# Give an example of a rational function f(x) that is continuous for all values of x except at x =...

## Question:

Give an example of a rational function {eq}f(x) {/eq} that is continuous for all values of {eq}x {/eq} except at {eq}x =\pm 5 {/eq}, where it has non-removable discontinuities, and at {eq}x = 2 {/eq}, where it has a removable discontinuity. Justify your answer using limits.

## Removable Discontinuities of a Function:

Suppose {eq}f(x) {/eq} is defined on the intervals {eq}(c-r, c) {/eq} and {eq}(c,c+r) {/eq}. We say that {eq}f(x) {/eq} has a removable discontinuity at {eq}x=c {/eq} if the limit {eq}\lim_{x \to c} f(x) {/eq} exists. This is because the function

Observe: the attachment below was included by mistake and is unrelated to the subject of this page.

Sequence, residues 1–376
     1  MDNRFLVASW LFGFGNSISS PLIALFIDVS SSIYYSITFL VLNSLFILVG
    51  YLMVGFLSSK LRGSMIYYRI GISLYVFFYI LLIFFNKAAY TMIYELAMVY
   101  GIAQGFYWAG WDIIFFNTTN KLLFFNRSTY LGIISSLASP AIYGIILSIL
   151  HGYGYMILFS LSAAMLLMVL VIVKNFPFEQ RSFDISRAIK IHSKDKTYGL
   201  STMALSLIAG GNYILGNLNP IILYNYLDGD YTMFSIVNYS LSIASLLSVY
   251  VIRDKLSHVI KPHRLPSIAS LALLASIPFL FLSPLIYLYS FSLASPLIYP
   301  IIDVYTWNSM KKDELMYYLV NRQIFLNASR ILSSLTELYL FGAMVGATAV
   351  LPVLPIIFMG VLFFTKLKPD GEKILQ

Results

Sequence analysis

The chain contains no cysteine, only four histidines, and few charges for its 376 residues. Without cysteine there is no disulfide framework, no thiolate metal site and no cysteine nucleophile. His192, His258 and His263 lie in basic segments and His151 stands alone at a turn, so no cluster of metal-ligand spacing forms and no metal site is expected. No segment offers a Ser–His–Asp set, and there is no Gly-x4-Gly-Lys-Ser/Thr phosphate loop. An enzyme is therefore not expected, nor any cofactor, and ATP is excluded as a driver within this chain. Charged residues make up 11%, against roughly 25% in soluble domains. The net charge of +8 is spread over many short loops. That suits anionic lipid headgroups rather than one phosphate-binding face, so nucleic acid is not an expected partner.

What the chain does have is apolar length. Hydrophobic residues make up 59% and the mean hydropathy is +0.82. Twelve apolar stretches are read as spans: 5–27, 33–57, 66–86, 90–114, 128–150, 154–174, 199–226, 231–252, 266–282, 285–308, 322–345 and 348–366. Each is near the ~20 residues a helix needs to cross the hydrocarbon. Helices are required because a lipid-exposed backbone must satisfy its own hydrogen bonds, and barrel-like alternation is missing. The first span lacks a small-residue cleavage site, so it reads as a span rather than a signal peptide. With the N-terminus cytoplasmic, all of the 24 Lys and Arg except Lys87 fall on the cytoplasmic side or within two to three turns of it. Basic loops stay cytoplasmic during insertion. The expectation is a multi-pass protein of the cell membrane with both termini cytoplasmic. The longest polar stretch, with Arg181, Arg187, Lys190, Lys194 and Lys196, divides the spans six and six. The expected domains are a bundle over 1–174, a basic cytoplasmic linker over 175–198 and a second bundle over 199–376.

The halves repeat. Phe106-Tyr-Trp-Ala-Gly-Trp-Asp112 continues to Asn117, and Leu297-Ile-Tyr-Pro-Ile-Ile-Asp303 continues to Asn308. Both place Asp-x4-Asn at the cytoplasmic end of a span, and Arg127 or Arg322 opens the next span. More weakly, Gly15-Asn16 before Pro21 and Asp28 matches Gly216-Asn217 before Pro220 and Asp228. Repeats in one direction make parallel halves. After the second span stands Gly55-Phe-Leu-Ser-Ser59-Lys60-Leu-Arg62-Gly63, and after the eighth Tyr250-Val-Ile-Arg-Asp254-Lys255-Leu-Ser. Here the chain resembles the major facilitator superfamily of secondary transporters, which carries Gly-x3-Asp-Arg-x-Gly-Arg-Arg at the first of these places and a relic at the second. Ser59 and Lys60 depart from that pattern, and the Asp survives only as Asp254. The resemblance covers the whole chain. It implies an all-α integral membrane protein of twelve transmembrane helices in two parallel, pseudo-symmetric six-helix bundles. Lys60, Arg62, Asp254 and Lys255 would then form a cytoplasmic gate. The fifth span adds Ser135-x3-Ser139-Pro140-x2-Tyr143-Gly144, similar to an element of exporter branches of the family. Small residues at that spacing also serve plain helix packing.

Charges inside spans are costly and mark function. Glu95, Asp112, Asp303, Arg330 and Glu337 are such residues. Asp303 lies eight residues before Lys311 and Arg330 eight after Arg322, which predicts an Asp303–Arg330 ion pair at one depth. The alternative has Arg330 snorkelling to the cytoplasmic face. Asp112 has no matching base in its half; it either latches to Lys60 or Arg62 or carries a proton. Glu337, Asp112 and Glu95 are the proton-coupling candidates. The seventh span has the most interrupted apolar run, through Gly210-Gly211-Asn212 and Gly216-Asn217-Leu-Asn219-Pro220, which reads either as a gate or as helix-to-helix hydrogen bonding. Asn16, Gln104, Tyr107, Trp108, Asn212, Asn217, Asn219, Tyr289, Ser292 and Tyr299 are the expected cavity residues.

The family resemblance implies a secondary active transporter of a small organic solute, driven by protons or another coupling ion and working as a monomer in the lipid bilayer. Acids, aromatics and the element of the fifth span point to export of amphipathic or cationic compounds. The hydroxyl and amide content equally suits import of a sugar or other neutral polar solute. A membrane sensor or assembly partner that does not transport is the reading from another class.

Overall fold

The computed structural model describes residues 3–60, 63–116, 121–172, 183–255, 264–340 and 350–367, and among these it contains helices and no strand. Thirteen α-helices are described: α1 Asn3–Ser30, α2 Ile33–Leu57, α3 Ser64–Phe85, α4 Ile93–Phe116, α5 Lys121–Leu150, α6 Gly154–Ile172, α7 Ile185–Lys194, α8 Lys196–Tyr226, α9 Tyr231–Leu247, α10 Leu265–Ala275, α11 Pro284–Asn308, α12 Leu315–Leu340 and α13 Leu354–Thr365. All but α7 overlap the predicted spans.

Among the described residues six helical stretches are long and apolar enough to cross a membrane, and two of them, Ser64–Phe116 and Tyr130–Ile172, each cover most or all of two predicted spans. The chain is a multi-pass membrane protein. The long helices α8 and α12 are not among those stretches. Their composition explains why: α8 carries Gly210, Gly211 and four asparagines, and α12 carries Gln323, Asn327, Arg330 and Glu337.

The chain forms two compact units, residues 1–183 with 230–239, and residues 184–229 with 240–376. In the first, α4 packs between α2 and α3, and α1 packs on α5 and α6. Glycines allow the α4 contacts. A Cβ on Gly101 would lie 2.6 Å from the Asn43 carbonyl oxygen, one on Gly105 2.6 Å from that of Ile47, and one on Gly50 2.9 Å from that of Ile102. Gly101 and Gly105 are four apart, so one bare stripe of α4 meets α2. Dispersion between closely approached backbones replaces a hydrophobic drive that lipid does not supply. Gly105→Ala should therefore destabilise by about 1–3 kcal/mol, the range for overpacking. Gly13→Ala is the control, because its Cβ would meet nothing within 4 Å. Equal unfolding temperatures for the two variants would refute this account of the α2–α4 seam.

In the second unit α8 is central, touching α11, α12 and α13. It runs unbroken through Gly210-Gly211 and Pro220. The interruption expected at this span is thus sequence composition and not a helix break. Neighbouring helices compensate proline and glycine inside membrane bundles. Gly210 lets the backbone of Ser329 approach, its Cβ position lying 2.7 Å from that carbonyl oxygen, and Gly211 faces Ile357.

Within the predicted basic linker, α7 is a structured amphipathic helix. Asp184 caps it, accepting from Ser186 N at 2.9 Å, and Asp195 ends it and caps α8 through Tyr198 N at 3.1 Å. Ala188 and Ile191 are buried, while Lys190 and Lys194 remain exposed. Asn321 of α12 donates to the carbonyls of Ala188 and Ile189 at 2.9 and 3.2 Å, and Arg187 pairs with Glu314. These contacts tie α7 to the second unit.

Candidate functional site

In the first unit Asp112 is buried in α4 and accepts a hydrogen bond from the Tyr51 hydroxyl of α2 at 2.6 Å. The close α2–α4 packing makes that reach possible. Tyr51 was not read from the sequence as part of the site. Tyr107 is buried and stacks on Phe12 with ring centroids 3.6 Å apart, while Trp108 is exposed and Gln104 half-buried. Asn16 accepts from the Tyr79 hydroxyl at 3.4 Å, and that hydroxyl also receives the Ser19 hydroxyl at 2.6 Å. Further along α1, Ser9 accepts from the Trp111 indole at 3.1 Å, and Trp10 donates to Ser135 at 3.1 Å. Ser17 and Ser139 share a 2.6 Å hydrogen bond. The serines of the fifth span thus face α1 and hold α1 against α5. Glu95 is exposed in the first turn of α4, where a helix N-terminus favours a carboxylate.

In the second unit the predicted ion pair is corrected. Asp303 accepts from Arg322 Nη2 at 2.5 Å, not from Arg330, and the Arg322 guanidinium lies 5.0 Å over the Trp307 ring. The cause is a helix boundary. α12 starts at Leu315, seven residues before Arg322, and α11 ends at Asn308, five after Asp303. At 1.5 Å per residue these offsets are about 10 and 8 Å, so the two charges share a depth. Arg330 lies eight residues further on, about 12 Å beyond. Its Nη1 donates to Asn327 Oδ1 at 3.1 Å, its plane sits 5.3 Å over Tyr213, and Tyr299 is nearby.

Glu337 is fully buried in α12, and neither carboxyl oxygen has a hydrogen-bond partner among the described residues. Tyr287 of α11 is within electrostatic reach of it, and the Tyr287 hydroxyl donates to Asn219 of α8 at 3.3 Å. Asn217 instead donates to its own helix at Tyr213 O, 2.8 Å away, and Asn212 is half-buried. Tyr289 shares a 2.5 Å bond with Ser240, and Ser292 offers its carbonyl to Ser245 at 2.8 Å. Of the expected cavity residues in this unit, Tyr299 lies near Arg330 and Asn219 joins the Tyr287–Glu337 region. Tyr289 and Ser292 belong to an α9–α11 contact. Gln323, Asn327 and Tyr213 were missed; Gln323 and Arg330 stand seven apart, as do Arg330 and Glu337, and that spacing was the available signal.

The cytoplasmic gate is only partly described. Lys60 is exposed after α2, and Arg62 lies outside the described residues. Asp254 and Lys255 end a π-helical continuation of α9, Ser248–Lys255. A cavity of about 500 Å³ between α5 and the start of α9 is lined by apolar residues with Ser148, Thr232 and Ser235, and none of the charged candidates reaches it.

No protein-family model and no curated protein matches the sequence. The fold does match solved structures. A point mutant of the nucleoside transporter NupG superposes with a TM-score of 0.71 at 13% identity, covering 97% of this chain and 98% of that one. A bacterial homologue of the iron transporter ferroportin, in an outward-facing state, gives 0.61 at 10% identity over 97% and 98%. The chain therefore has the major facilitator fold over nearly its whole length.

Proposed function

{eq}\displaystyle g(x)=\begin{cases} f(x),&x \ne c \\ \lim_{x \to c} f(x), &x = c\end{cases} {/eq}

is continuous at {eq}x=c {/eq} and almost the same as the function {eq}f {/eq}: that is, we can make {eq}f {/eq} be continuous at {eq}x=c {/eq} by defining or redefining {eq}f {/eq} only at the single point {eq}x=c {/eq}.

If {eq}f(x) {/eq} is discontinuous at {eq}x=c {/eq} but does not have a removable discontinuity, we say that {eq}f(x) {/eq} has a non-removable discontinuity.

A rational function {eq}f(x)=\dfrac{P(x)}{Q(x)} {/eq} will be discontinuous at the zeroes of its {eq}Q(x) {/eq}. So if {eq}R(x) {/eq} has...

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